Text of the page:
U.S. government shutdown hits solar


With the U.S. government in lockdown thanks to the standoff between the House of Representatives and the Senate, the Department of Energy's (DoE) solar activities have been put on hold as thousands of employees have been ordered to take unpaid leave.

The DoE's Advanced Research Projects Agency-Energy (ARPA-E) – which performs R&D in areas including smart grids; the National Renewable Energy Laboratory (NREL), which recently published a roadmap to driving down the non-hardware ‘soft costs' of solar; the department's Office of Management, responsible for US$22 billion of annual contract obligations and $2 billion of financial assistance obligations; and the Office of Indian Energy Policy and Programs, which is driving solar deployment of tribal lands, are among the divisions with solar commitments affected by the government shutdown.

As a result of Washington's inability to agree a budget for the 2013-14 financial year, which started a week ago in the U.S., only essential federal employees – those concerned with protecting property and human life – are working.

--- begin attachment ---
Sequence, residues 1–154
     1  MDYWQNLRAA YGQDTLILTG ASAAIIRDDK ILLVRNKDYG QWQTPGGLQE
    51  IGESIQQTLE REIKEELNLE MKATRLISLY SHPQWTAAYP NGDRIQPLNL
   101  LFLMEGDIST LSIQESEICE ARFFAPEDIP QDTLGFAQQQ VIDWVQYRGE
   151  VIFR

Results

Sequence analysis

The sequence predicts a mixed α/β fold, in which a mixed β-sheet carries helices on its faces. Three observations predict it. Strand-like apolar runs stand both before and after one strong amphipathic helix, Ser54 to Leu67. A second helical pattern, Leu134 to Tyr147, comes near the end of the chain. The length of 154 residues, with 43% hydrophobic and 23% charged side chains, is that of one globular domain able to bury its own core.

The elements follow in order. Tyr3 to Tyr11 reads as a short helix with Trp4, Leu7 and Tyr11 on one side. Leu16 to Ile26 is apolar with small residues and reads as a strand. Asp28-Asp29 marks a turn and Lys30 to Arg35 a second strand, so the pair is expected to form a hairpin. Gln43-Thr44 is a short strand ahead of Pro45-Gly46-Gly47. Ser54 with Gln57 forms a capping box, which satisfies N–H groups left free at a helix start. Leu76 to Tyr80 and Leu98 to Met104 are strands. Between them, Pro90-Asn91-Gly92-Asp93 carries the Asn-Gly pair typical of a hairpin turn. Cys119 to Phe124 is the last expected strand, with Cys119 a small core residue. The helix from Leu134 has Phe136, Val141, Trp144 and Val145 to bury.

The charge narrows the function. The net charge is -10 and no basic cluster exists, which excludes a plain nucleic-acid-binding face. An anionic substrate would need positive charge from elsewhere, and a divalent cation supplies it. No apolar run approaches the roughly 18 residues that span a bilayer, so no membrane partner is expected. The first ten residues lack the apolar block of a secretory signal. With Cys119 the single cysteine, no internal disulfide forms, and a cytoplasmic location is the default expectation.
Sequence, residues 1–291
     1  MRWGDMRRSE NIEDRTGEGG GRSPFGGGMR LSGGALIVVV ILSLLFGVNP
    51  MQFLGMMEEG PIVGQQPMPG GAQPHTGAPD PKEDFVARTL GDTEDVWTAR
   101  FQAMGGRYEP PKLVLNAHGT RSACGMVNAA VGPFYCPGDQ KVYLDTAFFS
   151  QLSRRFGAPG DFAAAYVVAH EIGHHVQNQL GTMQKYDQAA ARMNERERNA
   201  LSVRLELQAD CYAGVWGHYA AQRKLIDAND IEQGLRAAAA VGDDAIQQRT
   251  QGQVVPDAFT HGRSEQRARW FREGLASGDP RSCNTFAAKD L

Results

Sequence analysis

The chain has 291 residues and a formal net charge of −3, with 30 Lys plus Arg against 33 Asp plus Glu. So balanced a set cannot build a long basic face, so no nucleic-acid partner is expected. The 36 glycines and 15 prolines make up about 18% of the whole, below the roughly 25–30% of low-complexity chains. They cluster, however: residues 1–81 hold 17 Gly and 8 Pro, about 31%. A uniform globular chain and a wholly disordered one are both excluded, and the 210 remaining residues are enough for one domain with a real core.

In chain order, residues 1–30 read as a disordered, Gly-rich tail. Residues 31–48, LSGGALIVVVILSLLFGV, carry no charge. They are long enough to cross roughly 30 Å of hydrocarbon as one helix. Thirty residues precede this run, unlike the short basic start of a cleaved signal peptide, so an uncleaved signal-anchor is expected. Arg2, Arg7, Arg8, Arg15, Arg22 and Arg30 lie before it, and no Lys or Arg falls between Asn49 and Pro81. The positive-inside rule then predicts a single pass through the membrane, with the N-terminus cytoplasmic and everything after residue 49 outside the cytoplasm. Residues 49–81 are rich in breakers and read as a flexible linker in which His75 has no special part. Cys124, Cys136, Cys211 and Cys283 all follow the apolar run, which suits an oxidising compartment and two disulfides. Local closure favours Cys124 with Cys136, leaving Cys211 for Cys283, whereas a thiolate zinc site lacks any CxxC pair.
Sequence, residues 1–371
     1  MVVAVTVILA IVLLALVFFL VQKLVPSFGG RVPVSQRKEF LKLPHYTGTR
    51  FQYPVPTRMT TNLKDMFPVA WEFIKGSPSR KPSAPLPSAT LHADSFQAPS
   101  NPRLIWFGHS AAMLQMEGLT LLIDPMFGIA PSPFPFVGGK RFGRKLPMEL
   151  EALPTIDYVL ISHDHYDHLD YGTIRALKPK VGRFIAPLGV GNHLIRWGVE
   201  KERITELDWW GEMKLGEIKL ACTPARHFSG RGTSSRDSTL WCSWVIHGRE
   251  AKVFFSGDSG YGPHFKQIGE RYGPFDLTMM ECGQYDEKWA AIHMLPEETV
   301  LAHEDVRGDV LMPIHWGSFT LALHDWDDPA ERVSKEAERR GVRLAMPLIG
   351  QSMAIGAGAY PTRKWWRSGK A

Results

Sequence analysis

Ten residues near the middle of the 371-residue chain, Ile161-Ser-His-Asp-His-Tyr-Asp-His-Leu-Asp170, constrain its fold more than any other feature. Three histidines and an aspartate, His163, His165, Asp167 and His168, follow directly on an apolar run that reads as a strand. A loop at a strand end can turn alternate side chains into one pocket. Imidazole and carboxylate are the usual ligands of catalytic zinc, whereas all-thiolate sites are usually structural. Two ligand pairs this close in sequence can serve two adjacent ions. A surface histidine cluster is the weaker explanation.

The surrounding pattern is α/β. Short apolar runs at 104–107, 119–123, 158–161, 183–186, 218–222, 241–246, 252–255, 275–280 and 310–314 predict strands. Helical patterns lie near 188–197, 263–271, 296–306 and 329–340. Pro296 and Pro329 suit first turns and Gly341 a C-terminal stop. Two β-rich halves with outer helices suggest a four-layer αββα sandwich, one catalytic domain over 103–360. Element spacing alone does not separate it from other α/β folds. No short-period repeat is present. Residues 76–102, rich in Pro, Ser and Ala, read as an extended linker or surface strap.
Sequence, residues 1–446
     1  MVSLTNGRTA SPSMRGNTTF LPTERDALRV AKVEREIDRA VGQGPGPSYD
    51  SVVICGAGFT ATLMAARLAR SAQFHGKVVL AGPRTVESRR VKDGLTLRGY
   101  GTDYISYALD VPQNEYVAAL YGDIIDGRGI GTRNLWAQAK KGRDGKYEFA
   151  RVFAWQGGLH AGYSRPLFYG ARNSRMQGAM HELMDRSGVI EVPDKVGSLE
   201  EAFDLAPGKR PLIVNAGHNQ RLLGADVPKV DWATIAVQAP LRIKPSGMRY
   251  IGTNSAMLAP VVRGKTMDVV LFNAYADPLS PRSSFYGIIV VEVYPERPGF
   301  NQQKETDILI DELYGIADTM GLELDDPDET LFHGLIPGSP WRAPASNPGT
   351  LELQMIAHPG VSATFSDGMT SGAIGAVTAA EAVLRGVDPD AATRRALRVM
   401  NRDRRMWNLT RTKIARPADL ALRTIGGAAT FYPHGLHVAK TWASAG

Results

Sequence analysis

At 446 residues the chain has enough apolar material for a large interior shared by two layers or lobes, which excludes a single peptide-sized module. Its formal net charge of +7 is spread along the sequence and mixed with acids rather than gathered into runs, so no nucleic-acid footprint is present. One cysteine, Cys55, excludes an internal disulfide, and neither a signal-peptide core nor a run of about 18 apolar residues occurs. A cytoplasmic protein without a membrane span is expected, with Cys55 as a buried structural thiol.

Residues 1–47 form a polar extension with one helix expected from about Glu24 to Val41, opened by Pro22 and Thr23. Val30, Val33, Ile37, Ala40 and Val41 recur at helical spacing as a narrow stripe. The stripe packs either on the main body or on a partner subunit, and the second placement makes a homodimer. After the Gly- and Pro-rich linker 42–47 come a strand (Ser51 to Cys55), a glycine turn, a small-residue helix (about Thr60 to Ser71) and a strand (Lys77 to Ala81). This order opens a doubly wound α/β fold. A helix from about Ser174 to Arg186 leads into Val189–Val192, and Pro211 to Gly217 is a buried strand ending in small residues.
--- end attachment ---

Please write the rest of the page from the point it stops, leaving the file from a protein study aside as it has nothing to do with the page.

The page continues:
SunShot lies idle

For the DoE, that means all but security staff and those tasked with maintaining energy infrastructure and nuclear security are on unpaid leave, meaning crucial solar programs like the SunShot Initiative are presumably idling – official confirmation is difficult to obtain with communications staff sat at home.

Although the DoE's shutdown contingency plan – last updated on Wednesday – stipulates contracts such as SunShot agreements to fund solar research will be honored, it adds, once funding from previous years has been exhausted, "the department may need to review the activities of its contractors and only those activities where the suspension of the function of the contractor would immediately threaten the safety of human life, or the protection of property, will be permitted to continue."

Almost 13,000 DoE employees on unpaid leave

Across the energy department, only 948 of the usual 13,814 employees will be maintained, according to the contingency plan, published on the DoE website.

President Barack Obama, who is refusing to sign off a Republican-sponsored budget which neuters his universal ‘Obamacare' healthcare reforms, used Saturday's weekly address to call for a solution ‘with no partisan strings attached.'

The Republican House of Representatives has persisted in attempts to strangle universal healthcare and is due to reconvene at 4pm CET.

If the standoff persists until Friday October 17, the U.S. is expected to broach its $16 trillion debt ceiling, triggering a default, an event of such magnitude the world expects a solution before that point.

In the meantime, U.S. solar investors, manufacturers and SunShot funding recipients can only watch and wait.

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